Wed, May 10, 2017 - Page 6 News List

Macron hack attack proves futile

NY Times News Service, PARIS

French president-elect Emmanuel Macron, third left, leaves his home in Paris yesterday.

Photo: AFP

Maybe it was the suspect timing of the leaked documents or the staggering amount and possibility that some were fake, or a feeling among the French that, having witnessed how hacking might have altered the US election, they would not fall for the same ploy.

Whatever the reasons, newspapers and broadcasters in France have so far conspicuously avoided reporting any details of what was described on Friday last week as a “massive” pre-election hacking attack on French president-elect Emmanuel Macron’s campaign.

The bereft coverage extended into Monday night, well after a 44-hour legal ban on election reporting surrounding the Sunday vote had lifted.

By then it was clear that the hacked material — regardless of what it might contain — had caused no ill effects to the campaign of Macron, who won decisively over far-right presidential candidate Marine Le Pen.

The contrast with the US presidential campaign was sharp: Hacking of US presidential candidate Hillary Rodham Clinton that was traced to Russia might have played a role in her defeat by US President Donald Trump, but news of the hacking in France was met with silence, disdain and scorn.

The contrast might have been amplified further by the absence of a French equivalent to the thriving tabloid culture in Britain or the robust right-wing broadcast media in the US, where the Clinton hacking attack generated enormous negative coverage.

“We don’t have a Fox News in France,” said Johan Hufnagel, managing editor of the leftist daily Liberation. “There’s no broadcaster with a wide audience and personalities who build this up and try to use it for their own agendas.”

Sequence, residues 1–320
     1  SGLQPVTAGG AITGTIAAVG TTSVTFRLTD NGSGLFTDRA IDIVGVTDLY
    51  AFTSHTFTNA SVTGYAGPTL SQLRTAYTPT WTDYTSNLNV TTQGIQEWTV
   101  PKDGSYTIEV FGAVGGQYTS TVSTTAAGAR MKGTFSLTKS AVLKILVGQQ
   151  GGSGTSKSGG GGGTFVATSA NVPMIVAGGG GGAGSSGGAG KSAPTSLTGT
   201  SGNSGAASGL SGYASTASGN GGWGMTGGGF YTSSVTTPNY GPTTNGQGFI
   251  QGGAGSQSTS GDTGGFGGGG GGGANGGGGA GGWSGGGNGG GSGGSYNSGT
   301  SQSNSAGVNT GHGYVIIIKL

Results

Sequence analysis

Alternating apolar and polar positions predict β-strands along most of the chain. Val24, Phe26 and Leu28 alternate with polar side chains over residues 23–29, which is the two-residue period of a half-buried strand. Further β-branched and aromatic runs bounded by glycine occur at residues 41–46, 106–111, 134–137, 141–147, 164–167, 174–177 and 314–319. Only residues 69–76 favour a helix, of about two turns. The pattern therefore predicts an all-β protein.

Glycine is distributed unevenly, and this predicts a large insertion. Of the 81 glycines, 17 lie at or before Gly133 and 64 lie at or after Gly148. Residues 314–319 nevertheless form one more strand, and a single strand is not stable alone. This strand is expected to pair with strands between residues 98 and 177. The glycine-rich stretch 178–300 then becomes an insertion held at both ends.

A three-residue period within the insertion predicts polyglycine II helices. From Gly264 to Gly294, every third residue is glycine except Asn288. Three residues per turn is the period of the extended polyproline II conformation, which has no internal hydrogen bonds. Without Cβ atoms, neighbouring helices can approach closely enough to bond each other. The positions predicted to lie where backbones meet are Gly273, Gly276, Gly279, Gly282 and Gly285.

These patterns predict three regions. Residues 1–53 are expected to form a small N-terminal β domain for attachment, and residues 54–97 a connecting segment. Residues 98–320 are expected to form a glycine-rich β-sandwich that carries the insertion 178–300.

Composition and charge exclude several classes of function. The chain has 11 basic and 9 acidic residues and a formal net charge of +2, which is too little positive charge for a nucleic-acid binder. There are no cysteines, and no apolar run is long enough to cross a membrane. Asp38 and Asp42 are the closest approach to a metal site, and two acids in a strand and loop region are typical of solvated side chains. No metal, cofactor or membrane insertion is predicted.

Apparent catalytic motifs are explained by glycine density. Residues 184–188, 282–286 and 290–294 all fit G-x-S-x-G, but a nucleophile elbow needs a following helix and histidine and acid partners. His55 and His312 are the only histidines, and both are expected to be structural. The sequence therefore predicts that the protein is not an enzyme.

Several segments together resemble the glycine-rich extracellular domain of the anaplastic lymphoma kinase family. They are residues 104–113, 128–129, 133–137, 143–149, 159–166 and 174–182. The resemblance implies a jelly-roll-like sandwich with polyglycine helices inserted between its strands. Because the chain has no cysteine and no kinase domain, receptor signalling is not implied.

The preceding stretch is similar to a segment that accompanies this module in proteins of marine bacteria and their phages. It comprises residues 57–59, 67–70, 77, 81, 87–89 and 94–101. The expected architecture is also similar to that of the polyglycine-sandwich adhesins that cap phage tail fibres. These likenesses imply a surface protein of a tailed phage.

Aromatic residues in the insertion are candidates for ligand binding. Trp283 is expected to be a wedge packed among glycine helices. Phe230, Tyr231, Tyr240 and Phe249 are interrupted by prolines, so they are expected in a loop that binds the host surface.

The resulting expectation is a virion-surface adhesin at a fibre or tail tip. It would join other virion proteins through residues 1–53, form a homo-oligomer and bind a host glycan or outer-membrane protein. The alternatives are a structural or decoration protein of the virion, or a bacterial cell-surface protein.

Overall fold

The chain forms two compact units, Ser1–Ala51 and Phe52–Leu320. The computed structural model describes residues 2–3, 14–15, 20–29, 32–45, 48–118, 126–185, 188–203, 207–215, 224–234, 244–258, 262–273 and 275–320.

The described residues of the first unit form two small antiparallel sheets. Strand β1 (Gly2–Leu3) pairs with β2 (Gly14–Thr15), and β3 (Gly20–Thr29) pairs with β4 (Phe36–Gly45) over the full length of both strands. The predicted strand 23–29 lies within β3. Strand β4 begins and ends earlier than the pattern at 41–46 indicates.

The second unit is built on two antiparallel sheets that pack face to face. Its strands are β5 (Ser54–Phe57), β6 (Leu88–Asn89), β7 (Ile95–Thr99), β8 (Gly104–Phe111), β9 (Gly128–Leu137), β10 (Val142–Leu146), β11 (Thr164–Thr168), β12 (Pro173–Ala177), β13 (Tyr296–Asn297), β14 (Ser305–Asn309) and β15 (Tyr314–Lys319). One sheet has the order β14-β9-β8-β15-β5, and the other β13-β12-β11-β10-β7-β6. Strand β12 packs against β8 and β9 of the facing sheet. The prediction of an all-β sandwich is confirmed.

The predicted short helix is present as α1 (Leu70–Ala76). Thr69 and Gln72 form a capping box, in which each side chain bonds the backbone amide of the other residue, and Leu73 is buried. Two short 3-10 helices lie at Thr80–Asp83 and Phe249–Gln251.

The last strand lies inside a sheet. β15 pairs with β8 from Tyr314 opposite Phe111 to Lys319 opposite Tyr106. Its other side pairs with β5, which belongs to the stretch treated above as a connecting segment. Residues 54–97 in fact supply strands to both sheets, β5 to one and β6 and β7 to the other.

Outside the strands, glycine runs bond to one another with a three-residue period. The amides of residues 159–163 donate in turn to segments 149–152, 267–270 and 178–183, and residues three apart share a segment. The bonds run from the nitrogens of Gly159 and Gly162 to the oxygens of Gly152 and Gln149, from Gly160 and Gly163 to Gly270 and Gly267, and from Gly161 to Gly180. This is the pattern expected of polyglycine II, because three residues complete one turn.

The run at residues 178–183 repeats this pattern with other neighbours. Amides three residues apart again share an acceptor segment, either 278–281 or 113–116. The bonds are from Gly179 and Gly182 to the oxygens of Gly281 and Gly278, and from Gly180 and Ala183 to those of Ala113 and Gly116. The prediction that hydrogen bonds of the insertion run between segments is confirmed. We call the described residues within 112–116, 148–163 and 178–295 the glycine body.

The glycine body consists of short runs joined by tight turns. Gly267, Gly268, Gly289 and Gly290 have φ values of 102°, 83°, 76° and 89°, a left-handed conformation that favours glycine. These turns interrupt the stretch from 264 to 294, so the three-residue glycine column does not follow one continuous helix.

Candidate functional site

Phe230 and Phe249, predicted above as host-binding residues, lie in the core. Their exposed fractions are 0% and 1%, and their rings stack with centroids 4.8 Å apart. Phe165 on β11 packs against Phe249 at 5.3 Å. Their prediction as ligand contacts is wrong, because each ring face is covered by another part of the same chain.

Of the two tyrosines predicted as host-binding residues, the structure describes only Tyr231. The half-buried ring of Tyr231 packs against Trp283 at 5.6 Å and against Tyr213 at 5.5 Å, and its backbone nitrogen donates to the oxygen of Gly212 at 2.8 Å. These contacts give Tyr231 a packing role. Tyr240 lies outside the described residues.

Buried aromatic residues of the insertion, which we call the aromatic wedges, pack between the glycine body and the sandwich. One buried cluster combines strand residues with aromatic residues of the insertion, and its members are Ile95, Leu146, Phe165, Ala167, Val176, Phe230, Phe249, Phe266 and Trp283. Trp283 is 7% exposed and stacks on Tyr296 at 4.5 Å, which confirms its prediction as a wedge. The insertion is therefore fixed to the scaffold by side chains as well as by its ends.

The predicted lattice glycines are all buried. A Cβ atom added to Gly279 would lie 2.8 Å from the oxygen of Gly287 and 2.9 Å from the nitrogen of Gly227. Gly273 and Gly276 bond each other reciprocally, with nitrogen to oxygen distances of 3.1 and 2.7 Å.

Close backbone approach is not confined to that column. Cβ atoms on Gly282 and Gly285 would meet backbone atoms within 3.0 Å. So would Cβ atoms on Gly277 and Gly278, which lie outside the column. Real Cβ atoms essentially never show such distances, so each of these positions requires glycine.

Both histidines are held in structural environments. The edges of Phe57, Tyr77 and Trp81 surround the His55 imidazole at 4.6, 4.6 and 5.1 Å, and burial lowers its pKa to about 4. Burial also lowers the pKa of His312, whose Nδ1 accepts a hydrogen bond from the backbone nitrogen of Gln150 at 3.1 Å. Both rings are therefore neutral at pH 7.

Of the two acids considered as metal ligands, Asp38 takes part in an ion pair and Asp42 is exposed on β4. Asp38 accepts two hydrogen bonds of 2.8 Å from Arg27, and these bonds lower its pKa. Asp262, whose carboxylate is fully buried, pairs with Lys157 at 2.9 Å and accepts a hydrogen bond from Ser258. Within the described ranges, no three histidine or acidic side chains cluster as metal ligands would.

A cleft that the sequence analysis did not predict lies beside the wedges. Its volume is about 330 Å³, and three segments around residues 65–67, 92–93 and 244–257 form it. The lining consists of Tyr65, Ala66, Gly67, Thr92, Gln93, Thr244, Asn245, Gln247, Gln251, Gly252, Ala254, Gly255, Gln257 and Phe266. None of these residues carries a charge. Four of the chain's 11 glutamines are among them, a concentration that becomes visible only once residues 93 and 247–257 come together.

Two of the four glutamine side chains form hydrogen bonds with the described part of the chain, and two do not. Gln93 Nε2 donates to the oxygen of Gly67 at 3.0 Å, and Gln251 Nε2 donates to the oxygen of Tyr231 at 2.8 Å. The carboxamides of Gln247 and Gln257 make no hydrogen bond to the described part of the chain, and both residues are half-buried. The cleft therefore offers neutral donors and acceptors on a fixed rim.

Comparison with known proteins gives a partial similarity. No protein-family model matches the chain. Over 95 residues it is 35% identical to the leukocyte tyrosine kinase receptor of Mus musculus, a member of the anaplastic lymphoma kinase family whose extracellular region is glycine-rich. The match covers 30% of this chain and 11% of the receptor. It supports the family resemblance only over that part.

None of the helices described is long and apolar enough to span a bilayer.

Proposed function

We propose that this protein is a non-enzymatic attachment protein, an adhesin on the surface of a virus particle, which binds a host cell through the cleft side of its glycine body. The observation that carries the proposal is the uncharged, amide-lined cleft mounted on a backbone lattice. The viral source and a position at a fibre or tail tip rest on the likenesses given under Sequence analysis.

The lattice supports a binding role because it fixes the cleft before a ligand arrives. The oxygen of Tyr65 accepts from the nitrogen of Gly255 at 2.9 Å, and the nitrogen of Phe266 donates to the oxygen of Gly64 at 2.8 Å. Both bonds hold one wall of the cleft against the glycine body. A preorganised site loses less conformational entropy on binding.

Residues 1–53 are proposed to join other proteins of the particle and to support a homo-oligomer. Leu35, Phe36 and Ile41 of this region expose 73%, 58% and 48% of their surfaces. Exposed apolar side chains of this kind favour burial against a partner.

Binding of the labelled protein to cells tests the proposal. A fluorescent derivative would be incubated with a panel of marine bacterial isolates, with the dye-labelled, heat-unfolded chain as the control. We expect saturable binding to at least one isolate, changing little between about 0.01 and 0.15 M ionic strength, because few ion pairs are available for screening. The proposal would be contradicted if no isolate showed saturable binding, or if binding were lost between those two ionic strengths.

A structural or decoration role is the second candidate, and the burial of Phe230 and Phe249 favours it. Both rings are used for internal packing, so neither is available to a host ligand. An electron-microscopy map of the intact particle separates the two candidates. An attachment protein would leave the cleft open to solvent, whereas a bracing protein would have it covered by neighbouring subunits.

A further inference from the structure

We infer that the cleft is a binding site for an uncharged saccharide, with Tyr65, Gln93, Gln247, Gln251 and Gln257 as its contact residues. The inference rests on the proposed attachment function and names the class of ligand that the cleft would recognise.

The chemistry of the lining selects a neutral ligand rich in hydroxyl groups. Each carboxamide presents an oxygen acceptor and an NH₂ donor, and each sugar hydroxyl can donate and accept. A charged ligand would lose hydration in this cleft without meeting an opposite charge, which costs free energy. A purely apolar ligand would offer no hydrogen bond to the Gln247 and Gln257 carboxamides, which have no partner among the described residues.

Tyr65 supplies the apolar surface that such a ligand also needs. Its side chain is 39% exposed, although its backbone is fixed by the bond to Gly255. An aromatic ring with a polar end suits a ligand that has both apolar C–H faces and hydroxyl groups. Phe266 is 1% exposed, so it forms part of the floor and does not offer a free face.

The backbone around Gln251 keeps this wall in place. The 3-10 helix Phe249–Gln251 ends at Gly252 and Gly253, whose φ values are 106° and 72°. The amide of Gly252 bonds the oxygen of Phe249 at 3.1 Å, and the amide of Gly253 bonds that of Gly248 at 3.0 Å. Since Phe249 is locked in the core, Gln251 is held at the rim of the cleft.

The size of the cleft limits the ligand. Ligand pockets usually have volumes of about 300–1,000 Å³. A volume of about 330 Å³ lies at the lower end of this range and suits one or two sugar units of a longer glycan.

He also said that French voters, with the benefit of hindsight, were suspicious of destabilizing developments such as the ones that might have affected the vote in the US presidential election and Britain’s Brexit referendum in June last year.

“French voters didn’t want to get into that game,” Hufnagel said. “They were mentally prepared after Trump and Brexit and the Russians, even if it’s not clear they’re behind it.”

Some Macron supporters initially feared that the reports of the hacking and his inability to respond could be devastating on the eve of voting.

The hacking lit up social media, especially in the US, where far-right activists have joined together to spread extremist messages in Europe.

On the day of the election, the French-language version of Sputnik, a Russian news outlet, played up social media coverage of the leaks, but the leaks did not get much traction in France, where news outlets respected the blackout.

The documents landed at the 11th hour, without time for journalists to scrutinize them before the ban went into effect.

The news media also heeded an admonition by the government’s campaign regulatory body not to publish false news. Macron’s campaign said that fake documents had been mixed in with authentic ones.

There were also reports that Macron’s campaign, well aware that it was a hacking target, had deliberately fed hackers false information in responding to phishing e-mails, which might explain why the leaked data was disseminated late in the campaign.

“You can flood these addresses with multiple passwords and logins, true ones, false ones, so the people behind them use up a lot of time trying to figure them out,” the Daily Beast quoted Mounir Mahjoubi, the head of Macron’s digital team, as saying.

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